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Activision Won't Ban Underage Players

Felix Kemp
Activi, Activision, Call Of Duty, Games news

Activision Won't Ban Underage Players

If you play a lot of either Black Ops, Modern Warfare or any of the previous Call of Duty titles, chances are you've encountered one or two - thousand - foul-mouthed, often racist and/or homophobic players who don't quite sound like they reach the 18 rating criteria. It's a topic of much debate, but so far Activision has done nothing to combat the issue, other than allowing you to mute unruly players. And according to community manager, Josh Olin, don't expect future Call of Duty titles to include an 'adults-only' mode.

Activision Won't Ban Underage PlayersAccording to Olin, he believes the issue "should be handled by the ratings board". Call of Duty is rated 18 and above, meaning that younger players are circumventing the system when purchasing the game. Olin acknowledges the issue, but maintains that the ratings board and, perhaps more importantly, the parents of these children should control what they play. "If parents want to let their kids play it's completely at their discretion".

Olin also stands firm that he wouldn't want to ruin the fun these players are having. While I do believe Activision should be held responsible for who plays their product in one way or another, I can understand his side here. "I get where you're coming from, it's that maybe the kids are more obnoxious to deal with - but hey, they want to have their fun too, so I don't want to kill that for them".

It's a contentious issue ripe for debate, so let's chime in shall we? Should Call of Duty include an adults-only mode, or should it continue to unofficially allow all ages to play? [Eurogamer]

Add a comment8 comments
Sean  Apr. 15, 2011 at 20:45

What a load of tripe. More like, 'We make more money from the underage players, so why shoot ourselves in the foot?'

It really did take the cake when I had two players on MW2 on my team one sunday morning, who genuinely sounded like they were not a day older than five/six years old at most. Really. 'CHARLIE! DID YOU SEE THAT? I SHOT HIM! I DID! BUT THEN HE KILLED ME!'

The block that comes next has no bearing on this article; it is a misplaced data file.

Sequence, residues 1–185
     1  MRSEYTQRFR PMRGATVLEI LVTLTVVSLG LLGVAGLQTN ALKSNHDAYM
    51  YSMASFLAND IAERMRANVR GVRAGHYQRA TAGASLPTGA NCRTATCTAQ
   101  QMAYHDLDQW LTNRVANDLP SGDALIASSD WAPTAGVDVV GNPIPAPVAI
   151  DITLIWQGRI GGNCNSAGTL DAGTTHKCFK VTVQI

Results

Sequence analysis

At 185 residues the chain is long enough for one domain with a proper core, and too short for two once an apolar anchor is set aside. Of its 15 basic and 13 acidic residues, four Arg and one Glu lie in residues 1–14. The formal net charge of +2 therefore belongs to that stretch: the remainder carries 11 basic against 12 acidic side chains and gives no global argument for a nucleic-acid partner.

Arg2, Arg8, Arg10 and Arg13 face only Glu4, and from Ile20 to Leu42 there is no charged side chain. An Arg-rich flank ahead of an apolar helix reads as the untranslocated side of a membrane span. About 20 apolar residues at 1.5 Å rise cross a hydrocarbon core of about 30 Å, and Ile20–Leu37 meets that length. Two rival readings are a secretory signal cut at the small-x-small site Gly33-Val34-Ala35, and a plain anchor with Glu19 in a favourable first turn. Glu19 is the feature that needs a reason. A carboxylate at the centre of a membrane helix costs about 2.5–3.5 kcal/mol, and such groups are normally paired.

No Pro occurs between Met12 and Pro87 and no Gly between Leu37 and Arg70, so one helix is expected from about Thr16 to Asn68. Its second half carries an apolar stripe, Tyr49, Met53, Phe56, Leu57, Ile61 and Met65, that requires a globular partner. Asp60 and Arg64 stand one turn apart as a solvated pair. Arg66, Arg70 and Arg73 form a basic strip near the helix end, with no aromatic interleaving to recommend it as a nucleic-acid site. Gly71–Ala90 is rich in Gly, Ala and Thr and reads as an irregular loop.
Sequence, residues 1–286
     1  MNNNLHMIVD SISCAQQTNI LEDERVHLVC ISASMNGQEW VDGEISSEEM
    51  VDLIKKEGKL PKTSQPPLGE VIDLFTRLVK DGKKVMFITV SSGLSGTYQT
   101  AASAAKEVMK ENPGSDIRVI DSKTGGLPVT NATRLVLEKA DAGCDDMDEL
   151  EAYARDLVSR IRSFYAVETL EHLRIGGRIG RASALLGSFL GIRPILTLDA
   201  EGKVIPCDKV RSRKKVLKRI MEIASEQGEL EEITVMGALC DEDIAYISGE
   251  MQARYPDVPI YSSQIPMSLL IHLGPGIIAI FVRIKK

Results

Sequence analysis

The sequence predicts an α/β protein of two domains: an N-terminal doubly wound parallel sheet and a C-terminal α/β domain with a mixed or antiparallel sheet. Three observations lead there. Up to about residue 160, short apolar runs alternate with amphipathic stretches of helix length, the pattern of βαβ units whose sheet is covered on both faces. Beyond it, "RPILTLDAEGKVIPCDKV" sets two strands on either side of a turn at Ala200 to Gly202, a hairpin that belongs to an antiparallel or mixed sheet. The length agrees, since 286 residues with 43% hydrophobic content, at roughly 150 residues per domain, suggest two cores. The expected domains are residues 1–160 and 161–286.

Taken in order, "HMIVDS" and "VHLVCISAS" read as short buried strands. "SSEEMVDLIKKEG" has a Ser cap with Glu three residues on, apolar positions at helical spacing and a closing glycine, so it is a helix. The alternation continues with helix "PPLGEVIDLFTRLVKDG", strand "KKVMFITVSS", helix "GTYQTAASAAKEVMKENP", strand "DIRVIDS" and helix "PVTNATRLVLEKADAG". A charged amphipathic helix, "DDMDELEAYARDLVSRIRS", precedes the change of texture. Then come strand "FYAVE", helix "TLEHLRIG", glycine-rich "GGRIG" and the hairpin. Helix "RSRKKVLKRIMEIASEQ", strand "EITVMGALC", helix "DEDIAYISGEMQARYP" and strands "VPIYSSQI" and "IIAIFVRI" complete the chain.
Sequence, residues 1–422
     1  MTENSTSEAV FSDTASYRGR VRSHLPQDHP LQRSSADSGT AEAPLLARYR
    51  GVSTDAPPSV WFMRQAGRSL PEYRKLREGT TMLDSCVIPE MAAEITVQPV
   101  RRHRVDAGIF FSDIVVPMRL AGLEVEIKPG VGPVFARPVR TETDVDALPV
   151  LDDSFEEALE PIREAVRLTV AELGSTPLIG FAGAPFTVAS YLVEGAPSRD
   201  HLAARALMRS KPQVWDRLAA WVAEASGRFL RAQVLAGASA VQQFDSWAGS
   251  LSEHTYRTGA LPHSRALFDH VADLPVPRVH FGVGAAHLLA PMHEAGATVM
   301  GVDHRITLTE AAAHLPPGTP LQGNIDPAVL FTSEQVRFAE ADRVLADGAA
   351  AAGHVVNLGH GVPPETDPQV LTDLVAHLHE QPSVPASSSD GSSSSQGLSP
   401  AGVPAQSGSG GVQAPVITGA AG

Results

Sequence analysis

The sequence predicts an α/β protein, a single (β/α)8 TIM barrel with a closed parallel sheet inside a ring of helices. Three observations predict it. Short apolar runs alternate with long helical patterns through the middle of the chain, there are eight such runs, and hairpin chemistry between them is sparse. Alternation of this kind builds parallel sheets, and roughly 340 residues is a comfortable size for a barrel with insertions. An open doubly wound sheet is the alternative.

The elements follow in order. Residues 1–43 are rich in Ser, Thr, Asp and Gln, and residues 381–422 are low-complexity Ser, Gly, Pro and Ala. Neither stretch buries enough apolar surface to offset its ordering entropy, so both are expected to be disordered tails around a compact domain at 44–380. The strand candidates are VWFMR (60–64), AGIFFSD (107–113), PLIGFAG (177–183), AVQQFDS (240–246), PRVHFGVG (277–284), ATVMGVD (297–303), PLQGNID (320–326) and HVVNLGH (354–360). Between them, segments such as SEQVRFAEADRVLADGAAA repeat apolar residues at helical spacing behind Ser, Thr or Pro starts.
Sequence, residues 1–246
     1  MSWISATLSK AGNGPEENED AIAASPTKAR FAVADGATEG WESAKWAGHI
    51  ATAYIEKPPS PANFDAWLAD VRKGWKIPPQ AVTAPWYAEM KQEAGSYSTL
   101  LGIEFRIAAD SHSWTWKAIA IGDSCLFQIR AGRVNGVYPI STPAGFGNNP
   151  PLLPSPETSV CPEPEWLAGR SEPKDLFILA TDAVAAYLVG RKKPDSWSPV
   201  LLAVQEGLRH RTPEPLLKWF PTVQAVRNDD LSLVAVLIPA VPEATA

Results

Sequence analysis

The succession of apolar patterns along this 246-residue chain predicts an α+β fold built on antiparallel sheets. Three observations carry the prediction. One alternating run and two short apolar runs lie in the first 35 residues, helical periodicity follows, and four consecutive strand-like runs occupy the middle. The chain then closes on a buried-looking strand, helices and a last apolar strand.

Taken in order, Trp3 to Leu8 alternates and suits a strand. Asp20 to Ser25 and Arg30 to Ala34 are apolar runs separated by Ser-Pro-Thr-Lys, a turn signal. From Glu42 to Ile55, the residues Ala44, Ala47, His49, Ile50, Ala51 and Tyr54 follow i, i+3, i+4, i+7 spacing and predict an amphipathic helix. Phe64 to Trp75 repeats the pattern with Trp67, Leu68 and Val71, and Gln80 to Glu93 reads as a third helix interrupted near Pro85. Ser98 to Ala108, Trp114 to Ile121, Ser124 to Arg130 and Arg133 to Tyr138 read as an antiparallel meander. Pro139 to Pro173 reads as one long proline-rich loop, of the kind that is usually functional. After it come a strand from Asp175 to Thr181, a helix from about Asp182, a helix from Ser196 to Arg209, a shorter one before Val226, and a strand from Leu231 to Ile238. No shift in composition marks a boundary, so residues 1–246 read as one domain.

Sigh. Parenting skills ftw.

DrTrouserPlank  Apr. 15, 2011 at 21:15

Seeing as a good 30-40% of the market they aim at are under 18 I'm not surprised that he thinks it's someone else's responsibility.

As it happens call of duty does have an adults only mode.

It's called Counter-strike source.

Goity  Apr. 15, 2011 at 21:46

Exactly. With games like COD, a very large percentage of the players must be under 18. It'd be a financial disaster to do anything about that, so I don't see Activision wanting to.

StauntonLick  Apr. 15, 2011 at 22:12

I don't see the harm in including an Adults-only lobby (in the same way that you have a "Hardcore Mode" lobby). If it's technically possible then Activision could potentially have their cake and eat it too.

annon  Apr. 15, 2011 at 22:52

I do miss the old xbox live days, Playing Halo 2 on the original xbox. Because you needed a visa(thank god for visa electron) or master card to purchase live so it was mostly adults.

But i believe parents should be the ones to monitor their kids and say they can't play this its 18+ instead of running out and buying it for them saying that though i would defiantly let a 16 yearold play it, 15 maybe

Dave  Apr. 15, 2011 at 23:02

Can't have an adults only mode, as this would Activision acknowledging that under-sgers play it, and thats not allowed. And as said, they won't enforce ages (as they perfectly could...) cos it will cost them sales...
They are not going to care about the kids when they can screw a few bucks out of them!
Capitalism! Don'tcha love it!

worto  Apr. 15, 2011 at 23:52

It's surely 100% the parents responsibility I know loads of people that wouldn't let thier kids watch an 18 film but will let thier 12-14 year olds play black ops! They are either very nieve or stupid. Parents that don't understand games and think that they are all still like pac man need educating.

Jonathan Lester  Apr. 16, 2011 at 00:11

My opinion on the subject is a matter of public record.


It won't get me on any Christmas card lists, but if Acti want to leave it in the hands of ratings bodies, maybe it's time for these organisations to flex some legal muscle?


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